AKA: Century 21 Exposition, Playhouse, Seattle, WA; Seattle Center, Intiman Playhouse, Seattle, WA

Structure Type: built works - exhibition buildings - exposition buildings

Designers: General Construction Company (firm); Kirk, Wallace, McKinley AIA and Associates, Architects (firm); Worthington, Skilling, Helle and Jackson, Structural Engineers (firm); Paul Hayden Kirk (architect); David A. McKinley Jr. (architect); Donald Sheridan Wallace (architect)

Dates: constructed 1961-1962

2 stories

Mercer Street
Seattle Center, Seattle , WA 98109

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Building History

The Seattle architecture firm of Kirk, Wallace and McKinley collaborated with the Seattle engineering firm of Worthington, Skilling, Helle and Jackson on the design of the Playhouse. The General Construction Company erected their design. The 800-seat Playhouse comprised one part of a World's Fair complex lining Mercer Street's south side; 30-foot-high covered walkways connected, from east to west, the Mercer Arena (originally known as the Exposition Building built in 1928) on the Opera House (originally the Civic Auditorium), Exhibition Hall, and the Playhouse. Kirk, Wallace and McKinley and its consulting engineers designed the brick-veneered Playhouse and Exhibition Hall together as an ensemble. Unlike many of the exposition's buildings, the Playhouse was intended to be a permanent cultural addition. Originally, works by Northwest artists adorned the Playhouse's interior and exterior; these included a bronze in a courtyard pool by James FitzGerald (1910-1973), and interior artworks by painter Kenneth Callahan (1905-1986), sculptor Philip McCracken (b. 1928), and painter Margaret Tomkins (1916-2002), who was married to FitzGerald. A variety of live performances by dancers, actors, singers and comedians utilized the Playhouse stage during the Century 21 Exposition.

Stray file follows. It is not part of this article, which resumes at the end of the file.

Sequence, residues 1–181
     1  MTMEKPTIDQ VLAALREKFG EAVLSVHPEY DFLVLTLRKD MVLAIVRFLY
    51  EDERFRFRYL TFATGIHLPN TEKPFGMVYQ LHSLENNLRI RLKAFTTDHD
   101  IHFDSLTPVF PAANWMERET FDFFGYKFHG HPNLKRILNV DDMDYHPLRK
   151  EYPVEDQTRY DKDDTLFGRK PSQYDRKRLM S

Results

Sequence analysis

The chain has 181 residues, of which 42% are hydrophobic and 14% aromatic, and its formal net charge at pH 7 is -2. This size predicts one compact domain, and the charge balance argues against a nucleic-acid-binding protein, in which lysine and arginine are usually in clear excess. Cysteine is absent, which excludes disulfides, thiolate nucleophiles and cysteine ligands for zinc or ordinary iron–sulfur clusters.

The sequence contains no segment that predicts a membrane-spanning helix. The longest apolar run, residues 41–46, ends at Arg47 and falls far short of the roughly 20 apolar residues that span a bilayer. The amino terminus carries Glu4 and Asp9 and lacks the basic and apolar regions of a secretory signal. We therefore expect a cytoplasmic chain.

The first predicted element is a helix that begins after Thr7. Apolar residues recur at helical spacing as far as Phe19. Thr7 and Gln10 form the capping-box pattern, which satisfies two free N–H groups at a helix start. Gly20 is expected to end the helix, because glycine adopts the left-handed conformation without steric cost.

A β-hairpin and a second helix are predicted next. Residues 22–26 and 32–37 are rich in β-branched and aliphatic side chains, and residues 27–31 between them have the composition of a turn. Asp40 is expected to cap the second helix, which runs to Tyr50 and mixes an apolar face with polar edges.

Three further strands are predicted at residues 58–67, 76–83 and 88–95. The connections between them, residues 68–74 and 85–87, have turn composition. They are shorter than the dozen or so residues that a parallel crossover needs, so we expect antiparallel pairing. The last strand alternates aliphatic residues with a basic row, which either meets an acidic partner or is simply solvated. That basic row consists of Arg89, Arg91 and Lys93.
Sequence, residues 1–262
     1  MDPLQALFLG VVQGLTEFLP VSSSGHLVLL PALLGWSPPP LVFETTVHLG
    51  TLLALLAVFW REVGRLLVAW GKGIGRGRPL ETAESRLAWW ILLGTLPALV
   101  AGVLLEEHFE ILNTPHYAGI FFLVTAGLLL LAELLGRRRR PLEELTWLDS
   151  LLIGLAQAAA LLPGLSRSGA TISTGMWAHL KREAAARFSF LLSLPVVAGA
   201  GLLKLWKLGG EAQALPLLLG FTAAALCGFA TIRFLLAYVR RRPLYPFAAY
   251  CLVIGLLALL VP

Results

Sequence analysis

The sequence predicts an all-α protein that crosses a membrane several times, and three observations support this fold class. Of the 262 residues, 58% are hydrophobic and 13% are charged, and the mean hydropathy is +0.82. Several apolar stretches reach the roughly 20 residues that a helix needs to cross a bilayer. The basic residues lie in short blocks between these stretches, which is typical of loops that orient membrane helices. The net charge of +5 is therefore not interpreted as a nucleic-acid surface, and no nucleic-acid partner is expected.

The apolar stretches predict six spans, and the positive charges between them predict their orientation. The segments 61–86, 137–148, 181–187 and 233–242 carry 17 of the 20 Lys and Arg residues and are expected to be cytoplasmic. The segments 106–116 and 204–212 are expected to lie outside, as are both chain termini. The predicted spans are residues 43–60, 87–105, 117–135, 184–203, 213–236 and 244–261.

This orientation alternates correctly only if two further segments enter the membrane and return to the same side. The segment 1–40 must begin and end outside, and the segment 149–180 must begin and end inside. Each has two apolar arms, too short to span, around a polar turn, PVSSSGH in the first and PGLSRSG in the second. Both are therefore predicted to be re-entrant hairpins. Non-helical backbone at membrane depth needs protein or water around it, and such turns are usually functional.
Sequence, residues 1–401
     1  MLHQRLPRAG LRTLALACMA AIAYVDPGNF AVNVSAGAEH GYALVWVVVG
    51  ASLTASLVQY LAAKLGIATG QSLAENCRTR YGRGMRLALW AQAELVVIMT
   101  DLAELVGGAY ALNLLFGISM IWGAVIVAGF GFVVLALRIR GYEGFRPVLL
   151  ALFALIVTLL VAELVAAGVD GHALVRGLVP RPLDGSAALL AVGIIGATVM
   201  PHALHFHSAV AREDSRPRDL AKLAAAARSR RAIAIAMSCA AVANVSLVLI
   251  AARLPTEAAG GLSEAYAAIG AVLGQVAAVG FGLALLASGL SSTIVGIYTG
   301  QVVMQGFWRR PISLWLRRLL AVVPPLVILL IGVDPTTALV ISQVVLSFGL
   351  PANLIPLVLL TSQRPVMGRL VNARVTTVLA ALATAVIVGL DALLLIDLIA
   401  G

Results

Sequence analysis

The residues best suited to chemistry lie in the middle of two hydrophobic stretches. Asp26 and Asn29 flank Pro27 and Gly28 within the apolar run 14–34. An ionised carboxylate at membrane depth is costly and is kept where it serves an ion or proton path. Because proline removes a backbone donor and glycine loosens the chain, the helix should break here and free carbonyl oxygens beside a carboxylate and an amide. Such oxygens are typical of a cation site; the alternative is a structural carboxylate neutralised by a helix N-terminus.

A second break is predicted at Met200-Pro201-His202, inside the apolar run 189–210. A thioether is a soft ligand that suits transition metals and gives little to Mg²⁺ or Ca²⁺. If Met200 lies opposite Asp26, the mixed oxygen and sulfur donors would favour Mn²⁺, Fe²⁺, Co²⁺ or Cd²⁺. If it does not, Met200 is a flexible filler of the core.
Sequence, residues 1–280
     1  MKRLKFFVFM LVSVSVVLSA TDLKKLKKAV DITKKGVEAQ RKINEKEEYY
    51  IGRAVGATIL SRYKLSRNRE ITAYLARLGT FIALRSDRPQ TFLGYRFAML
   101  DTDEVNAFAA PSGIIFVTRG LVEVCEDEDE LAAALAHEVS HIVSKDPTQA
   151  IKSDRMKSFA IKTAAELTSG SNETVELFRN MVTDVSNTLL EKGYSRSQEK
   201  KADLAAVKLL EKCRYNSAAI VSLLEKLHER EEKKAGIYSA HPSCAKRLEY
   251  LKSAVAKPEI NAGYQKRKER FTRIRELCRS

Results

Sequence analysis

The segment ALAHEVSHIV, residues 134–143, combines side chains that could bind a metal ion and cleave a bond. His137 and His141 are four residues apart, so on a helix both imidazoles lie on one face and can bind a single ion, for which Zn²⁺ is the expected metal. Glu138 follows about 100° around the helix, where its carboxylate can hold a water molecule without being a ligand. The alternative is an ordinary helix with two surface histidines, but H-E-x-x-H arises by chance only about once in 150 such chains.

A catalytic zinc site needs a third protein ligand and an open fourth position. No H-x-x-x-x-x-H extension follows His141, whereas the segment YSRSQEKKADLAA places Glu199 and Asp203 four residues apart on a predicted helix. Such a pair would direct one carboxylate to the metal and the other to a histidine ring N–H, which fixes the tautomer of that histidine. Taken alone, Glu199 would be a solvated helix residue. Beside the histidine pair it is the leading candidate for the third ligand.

Following the fair, the City of Seattle leased the Playhouse to the Seattle Repertory Theatre, who utilized it from 1962-1983; at that time, the Seattle Rep erected the nearby Bagley Wright Theatre, and moved its operations there. In 1987, the Intiman Theatre Company, organized in 1972, moved into the former Playhouse, following renovations costing $1.2 million. The alterations cut the seating capacity to 446, and created steeply-pitched rows close to the stage. The usual proscenium was removed and replaced with a semi-thrust stage, one that jutted slightly into audience seating. The Intiman Company undertook other changes to the Playhouse in the 1990s, building a detached rehearsal hall behind the existing theatre. The building project of the Seattle World's Fair helped to stimulate the local theatre scene, by providing up-to-date venues in which to present plays. The construction of the Bagley Wright Theatre in 1983 indicated the health of theatre in Seattle at that time and further stimulated interest in the performing arts during the 1980s-1990s.

PCAD id: 5974